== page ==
RXGP chairwoman, Dr Clare Gerada, warned that removing LESs from practices would be a ‘disaster’ for GPs and could ultimately leave some practices financially unviable.
However, Dr James Kingsland, lead of the clinical commissioning network at the Department of Health, said he thought it was ‘very, very unlikely’ that LESs would have to be put out to tender. ‘If we put services such as warfarin monitoring and extended GP hours out to tender through AQP, we have lost the plot in care reform’, he said.
LESs, currently held by PCTs, are to be devolved to CCGs, which will choose how to commission those services.
Part-Time Women Doctors Could Be Bad For Patients
Women doctors, who only work part time are causing staffing issues that could create problems in the future, an expert has warned.
Dr Hilary Cass, said children’s units, which attracted higher numbers of women doctors, were a particular cause of concern.
GPs Face Rethink On All Age-Based Decisions
Plans to strengthen age discrimination laws will affect all decisions GPs make in which age plays a part, legal experts have told GPs.
The government announced recently that GPs and other NHS workers would be banned from denying older patients treatment simply on the grounds of their age.
Once the legislation comes into force, the onus will fall on healthcare professionals to make decisions that take the wider position of the patient fully into account. There will be a greater need for healthcare practitioners to be able demonstrate that each treatment decision, in which age may have ostensibly played a part, was reached based on a broader consideration of the health and well-being of the patient, and not just their age.
The rules will have a much broader impact than simply affecting elderly care. The NHS will need to review all treatments in which age has been a determining factor in deciding whether they should be provided or not, and introduce practices which ensure that decisions are not made arbitrarily on the grounds of age.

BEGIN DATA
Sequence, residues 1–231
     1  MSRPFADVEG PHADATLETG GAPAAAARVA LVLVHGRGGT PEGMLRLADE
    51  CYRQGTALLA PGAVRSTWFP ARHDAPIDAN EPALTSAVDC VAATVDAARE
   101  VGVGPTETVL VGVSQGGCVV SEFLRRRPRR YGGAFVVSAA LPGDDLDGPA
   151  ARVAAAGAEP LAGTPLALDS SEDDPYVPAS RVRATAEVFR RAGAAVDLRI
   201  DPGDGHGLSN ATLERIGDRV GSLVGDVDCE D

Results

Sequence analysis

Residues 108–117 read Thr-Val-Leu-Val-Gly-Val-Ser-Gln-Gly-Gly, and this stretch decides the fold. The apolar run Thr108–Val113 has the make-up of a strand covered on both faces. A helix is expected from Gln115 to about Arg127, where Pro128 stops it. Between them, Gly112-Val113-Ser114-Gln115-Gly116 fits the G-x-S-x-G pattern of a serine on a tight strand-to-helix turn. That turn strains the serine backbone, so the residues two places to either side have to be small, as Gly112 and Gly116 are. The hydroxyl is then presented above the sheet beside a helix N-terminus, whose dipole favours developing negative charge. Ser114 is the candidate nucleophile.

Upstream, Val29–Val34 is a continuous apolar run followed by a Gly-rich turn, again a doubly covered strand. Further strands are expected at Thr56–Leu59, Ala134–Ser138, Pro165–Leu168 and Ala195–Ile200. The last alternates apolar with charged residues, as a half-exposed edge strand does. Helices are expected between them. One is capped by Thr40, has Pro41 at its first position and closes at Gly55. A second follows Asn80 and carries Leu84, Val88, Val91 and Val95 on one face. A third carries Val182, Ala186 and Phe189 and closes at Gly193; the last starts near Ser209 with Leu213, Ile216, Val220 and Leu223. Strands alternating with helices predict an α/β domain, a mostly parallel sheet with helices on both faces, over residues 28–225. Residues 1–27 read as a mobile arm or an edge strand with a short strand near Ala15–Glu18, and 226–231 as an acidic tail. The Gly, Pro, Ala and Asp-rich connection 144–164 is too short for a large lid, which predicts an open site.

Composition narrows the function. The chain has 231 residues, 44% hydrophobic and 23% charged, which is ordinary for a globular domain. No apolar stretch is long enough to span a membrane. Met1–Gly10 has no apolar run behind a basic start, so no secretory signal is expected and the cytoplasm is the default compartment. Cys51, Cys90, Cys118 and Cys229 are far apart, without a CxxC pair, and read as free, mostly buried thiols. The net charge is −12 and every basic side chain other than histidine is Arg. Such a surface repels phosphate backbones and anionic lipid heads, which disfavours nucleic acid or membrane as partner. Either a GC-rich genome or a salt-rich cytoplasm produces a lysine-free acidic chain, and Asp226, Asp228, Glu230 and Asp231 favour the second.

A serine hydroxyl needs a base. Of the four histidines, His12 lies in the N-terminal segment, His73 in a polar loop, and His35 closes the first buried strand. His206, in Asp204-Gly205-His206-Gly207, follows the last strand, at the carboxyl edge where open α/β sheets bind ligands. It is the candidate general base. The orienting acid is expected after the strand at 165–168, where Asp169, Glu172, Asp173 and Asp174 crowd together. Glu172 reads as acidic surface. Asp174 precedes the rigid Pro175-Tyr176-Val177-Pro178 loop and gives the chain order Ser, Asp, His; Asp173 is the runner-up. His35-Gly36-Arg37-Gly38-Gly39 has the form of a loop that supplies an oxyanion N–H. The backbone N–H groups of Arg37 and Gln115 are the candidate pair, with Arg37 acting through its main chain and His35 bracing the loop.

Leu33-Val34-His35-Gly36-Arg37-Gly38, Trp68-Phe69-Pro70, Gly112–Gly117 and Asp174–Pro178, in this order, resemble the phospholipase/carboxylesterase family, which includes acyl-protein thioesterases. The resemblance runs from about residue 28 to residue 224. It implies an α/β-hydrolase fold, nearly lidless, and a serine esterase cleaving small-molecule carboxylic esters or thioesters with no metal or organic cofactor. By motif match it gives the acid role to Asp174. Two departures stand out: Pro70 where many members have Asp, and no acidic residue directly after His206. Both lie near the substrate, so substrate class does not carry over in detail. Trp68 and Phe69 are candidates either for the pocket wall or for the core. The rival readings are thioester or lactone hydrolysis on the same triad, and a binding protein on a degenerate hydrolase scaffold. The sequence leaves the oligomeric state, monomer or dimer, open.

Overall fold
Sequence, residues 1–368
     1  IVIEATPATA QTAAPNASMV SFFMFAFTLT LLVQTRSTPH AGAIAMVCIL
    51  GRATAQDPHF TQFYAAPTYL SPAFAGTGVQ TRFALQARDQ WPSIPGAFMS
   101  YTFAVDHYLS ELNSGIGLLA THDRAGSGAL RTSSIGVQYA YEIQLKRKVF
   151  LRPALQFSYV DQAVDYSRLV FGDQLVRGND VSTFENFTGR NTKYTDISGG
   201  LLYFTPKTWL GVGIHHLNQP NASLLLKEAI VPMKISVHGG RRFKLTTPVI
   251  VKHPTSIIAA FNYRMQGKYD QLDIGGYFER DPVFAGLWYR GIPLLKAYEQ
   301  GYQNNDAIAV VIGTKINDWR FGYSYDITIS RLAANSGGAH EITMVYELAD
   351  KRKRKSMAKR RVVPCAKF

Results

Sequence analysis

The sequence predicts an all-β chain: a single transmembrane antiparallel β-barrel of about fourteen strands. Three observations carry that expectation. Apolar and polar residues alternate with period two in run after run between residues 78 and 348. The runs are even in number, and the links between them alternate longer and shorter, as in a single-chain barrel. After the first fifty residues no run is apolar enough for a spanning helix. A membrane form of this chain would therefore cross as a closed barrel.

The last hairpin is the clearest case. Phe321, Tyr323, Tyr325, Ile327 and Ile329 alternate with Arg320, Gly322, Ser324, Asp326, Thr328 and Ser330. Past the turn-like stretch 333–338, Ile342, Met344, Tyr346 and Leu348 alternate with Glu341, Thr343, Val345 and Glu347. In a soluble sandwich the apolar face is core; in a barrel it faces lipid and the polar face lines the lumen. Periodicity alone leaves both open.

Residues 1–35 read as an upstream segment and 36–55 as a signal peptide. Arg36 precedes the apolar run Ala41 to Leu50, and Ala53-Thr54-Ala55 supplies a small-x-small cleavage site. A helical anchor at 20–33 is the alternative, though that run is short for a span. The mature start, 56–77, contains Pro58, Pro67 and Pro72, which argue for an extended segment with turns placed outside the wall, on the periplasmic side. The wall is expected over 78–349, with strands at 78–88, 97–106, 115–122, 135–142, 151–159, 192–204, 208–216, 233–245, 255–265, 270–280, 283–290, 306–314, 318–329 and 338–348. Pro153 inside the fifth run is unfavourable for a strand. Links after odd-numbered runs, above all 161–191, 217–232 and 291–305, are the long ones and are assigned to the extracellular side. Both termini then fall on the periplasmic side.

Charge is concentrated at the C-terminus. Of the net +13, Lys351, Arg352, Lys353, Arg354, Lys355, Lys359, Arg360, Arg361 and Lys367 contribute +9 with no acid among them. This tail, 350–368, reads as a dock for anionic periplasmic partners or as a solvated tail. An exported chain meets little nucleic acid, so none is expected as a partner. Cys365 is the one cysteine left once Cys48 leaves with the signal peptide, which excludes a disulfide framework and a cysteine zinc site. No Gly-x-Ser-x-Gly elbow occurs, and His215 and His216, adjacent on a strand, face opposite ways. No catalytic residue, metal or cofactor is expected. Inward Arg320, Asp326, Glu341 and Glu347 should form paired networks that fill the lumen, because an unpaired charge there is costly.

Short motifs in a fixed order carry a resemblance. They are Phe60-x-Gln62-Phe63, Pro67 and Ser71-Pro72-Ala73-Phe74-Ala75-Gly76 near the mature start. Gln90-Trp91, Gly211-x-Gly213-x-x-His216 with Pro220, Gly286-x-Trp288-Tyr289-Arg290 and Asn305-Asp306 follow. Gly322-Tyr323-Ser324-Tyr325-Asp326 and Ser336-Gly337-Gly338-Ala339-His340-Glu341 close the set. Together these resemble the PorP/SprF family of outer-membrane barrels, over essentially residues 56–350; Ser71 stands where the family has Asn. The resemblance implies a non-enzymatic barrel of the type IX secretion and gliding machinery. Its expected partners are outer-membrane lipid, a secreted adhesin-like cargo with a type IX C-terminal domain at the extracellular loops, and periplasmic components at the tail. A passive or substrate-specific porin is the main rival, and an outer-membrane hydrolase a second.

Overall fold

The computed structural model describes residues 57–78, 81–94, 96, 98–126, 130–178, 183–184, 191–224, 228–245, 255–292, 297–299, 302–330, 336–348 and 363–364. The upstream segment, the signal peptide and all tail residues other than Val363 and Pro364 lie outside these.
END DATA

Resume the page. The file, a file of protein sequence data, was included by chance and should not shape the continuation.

A spokesperson from NICE said that the organisation already took account of its legal responsibilities on all grounds of discrimination when developing its guidance. Recommendations in NICE guidance that make reference to a person’s age are always based on the clinical evidence of what works best. In many cases, recommendations are specifically made in order to remove any chance of age discrimination.
Drugs For Women With Advanced Breast Cancer Not Cost Effective
Women with advanced breast cancer will be left with few treatment options after the National Institute for Health and Clinical Excellence turned down the drug, Avastin.
About 800 patients, who had previously been treated with drugs called taxanes, for whom Avastin seemed to work best, will not be allowed the drug on the NHS.
NICE said there were doubts about its improvement of overall survival and that its price, £3,700 per patient per month, meant it was not cost effective.
Work From Hospitals Must Be Funded
GP leaders are calling on the Department of Health to fund the shift of treatment from secondary care to GPs, as Local Medical Committees try to set up a generic local enhanced service to pay for this work.
Several LMCs in the north east are currently in talks with their PCT cluster to create a generic LES to fund future transfer of work to primary care.
A Department of Health spokesperson said: ‘We want clinical commissioning groups to be able to commission the fullest possible range of community based services, including services provided by general practice. So the funding currently spend on LESs will be devolved to CCGs.
It will be up to CCGs to decide how to commission theses services from within their overall budgets, just as it is now up to PCTs, taking into account best practice on procurement.